Inhibin

Monday, March 29, 2010

Inhibin is an endocrine hormone produced in the ovaries and the testes. This hormone has several functions in the body, with inhibin levels in women being linked to the menstrual cycle and playing a role in fetal development. Inhibin and Activin are two closely related protein complexes that have opposing biological effects.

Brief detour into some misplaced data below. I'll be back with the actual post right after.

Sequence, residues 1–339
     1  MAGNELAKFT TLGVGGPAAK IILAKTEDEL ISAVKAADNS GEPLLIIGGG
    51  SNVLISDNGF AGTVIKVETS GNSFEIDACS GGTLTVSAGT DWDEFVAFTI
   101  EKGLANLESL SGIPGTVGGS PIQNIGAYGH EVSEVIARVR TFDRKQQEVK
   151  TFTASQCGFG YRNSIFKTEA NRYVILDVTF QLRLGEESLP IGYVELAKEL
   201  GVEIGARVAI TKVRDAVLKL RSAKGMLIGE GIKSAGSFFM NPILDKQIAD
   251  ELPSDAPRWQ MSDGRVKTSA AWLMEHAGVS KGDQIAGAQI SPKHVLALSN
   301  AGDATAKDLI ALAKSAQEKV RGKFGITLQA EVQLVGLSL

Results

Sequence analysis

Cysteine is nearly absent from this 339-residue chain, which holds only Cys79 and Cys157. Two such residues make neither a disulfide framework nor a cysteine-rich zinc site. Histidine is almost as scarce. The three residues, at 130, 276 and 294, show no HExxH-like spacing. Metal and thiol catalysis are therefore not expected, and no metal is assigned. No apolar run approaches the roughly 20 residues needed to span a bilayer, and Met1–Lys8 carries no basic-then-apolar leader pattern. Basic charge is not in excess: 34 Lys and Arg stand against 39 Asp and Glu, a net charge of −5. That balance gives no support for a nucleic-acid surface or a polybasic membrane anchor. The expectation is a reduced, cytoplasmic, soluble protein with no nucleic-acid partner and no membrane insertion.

Inhibin is released into the bloodstream to control and inhibit the secretion of follicle stimulating hormone by the pituitary gland. It is an important part of an endocrine feedback loop. There are two functional forms of inhibin, A and B. Inhibin A has two protein subunits, an a subunit and a ßA subunit, whereas inhibin B has an a subunit and a ßB subunit. In both forms, the two subunits, of almost the same size, are held together by covalent linkages. On the other hand, Activin enhances FSH biosynthesis and secretion, and participates in the regulation of the menstrual cycle. Many other functions have been found to be exerted by activin, including roles in cell proliferation, differentiation, apoptosis, metabolism, homeostasis, immune response, wound repair, and endocrine function.